Sunday night I tuned in to watch the Miss USA pageant. One of the contestants graduated from my high school and went to Mississippi State, majoring in aerospace engineering. I held my breath waiting for our state to be called out, only to be disappointed when impossibly tall, impossibly thin contestants were named the top 15. As I scoffed, thinking, “Not everyone looks like a malnourished supermodel,” I also realized not everyone can major in aerospace engineering either.
These days, beauty is only one category in which we compete against one another. We also feel the pressure to be smarter and more ambitious than our peers. The prevalence of sites such as Pinterest and the popularity of blogs where people can highlight their clothes, their Martha Stewart craftiness, their inner-Julia Child in the kitchen or all their amazing world travels can leave us with a laundry list of categories in which to compete.
When I was a little girl and came to my mom complaining that my dress wasn’t from Limited Too like the other girls’ on the playground, my mom would make me read the Dr. Suess story of Gertrude McFuzz and Lolla-lee Loo. Gertrude only had one little feather, and Lolla-lee Loo, well, she had two. After going through trials and tribulations to acquire more feathers in order to compete with Lolla-lee Loo, Gertrude realized that “she had just the right amount of feathers for her kind of bird.”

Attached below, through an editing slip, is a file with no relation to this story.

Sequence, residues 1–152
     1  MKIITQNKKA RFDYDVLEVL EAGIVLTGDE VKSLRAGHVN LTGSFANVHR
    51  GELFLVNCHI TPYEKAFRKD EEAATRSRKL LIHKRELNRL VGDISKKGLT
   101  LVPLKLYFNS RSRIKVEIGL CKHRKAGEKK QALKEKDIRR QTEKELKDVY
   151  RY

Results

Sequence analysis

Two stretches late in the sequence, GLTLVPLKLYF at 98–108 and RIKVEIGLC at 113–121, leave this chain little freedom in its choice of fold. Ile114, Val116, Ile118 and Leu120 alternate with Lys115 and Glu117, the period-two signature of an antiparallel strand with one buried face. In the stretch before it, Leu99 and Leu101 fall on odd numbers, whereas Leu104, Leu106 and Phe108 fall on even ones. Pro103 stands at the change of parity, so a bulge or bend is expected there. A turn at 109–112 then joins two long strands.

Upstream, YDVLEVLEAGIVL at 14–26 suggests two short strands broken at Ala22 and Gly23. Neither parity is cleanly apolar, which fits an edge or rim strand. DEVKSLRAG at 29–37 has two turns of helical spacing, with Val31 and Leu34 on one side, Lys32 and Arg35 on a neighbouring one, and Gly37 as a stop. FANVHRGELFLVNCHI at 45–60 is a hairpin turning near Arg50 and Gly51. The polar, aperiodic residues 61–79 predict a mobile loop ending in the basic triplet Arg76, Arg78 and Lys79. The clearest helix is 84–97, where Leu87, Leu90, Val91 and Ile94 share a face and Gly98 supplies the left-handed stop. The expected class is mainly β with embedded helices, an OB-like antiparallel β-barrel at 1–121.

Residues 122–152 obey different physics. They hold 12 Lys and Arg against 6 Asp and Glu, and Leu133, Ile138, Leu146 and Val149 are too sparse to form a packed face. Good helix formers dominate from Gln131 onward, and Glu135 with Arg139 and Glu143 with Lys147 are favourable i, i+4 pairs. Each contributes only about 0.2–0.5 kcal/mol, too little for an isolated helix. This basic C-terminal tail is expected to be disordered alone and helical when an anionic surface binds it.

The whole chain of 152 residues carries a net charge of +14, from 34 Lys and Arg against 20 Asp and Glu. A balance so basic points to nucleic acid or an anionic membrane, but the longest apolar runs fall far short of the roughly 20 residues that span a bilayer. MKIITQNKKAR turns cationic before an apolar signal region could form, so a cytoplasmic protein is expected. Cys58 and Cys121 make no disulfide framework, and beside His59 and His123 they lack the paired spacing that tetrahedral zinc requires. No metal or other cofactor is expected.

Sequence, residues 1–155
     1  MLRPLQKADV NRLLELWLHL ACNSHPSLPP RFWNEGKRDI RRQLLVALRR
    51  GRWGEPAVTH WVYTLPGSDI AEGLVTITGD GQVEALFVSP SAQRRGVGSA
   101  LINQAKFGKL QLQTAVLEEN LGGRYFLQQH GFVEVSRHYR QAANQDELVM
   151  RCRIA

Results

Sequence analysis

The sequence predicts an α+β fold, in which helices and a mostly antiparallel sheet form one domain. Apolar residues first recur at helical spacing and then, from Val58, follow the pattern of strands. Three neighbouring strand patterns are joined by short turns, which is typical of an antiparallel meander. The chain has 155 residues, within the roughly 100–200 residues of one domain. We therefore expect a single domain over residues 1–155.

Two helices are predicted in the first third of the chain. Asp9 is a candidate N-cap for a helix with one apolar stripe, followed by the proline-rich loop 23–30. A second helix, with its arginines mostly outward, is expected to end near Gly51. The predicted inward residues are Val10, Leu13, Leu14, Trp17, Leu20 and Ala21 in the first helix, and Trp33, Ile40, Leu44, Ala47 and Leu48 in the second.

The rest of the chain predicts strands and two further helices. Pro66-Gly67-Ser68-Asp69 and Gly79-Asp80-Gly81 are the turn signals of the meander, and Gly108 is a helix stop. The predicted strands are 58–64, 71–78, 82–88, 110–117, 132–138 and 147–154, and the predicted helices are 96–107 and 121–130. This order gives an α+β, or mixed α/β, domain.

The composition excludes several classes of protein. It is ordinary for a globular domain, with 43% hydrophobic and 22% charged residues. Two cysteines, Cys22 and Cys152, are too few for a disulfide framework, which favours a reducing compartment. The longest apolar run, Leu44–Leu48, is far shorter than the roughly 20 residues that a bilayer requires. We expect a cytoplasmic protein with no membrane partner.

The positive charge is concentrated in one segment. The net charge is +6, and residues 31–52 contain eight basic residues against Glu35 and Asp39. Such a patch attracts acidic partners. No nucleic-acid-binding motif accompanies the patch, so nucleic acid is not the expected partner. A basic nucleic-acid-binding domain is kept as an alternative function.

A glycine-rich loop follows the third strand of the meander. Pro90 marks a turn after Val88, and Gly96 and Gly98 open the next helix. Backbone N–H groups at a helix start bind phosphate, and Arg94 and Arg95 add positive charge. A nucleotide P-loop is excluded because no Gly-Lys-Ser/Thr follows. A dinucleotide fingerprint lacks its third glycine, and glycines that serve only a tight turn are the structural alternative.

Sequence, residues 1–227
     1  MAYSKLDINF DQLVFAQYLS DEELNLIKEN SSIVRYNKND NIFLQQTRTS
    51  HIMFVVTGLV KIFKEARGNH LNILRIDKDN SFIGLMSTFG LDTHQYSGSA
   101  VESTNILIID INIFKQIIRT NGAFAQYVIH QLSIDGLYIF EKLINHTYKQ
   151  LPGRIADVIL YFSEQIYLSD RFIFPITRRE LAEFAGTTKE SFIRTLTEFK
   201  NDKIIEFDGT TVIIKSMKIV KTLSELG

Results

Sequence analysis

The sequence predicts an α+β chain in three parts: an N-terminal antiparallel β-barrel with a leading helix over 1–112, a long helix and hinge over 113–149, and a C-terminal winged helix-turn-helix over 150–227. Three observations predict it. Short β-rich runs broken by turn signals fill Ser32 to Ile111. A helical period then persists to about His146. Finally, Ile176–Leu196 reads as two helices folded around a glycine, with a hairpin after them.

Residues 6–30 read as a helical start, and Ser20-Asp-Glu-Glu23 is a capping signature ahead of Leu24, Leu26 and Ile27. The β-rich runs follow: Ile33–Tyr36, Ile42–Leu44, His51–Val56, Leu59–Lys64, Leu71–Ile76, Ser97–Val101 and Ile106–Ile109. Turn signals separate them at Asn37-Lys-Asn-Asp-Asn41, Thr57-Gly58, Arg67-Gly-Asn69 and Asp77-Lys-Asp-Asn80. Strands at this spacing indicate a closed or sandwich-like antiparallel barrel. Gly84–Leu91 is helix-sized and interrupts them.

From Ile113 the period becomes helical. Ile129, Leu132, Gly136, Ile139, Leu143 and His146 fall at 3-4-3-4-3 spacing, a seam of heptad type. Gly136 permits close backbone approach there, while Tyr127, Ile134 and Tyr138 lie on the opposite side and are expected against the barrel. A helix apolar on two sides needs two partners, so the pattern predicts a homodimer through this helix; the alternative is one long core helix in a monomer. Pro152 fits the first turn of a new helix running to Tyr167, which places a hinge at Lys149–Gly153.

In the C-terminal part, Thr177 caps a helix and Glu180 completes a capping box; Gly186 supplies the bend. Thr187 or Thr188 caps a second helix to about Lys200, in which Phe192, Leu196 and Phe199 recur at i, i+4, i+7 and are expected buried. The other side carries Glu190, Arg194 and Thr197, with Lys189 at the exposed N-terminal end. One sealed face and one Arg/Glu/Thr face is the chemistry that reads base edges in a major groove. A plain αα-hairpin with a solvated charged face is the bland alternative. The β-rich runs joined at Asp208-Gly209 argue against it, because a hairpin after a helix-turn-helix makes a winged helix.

Like Gertrude, we run ourselves ragged trying to compete with the Lolla-lee Loos of the world. Some people are blessed with beauty, or brains or both. Others have impeccable style and the finances to fill their closet with designer threads. Some can whip up a delicious, from-scratch meal and with the right instagram filter make it look like the cover of a cookbook.
And then, there are the rest of us. Gertrudes with just one little feather. If we think of the world as a pageant stage we may never feel adequate with this feather. Luckily, the world is not, and it is filled with all sorts of birds with different feathers, beaks and colors. When we stop competing and start loving ourselves just as we are and appreciate what we do have, that is when we truly win.
Anna Rush is a law student from Hattiesburg. She graduated from Mississippi State University in 2011. Follow her on Twitter @annakrush.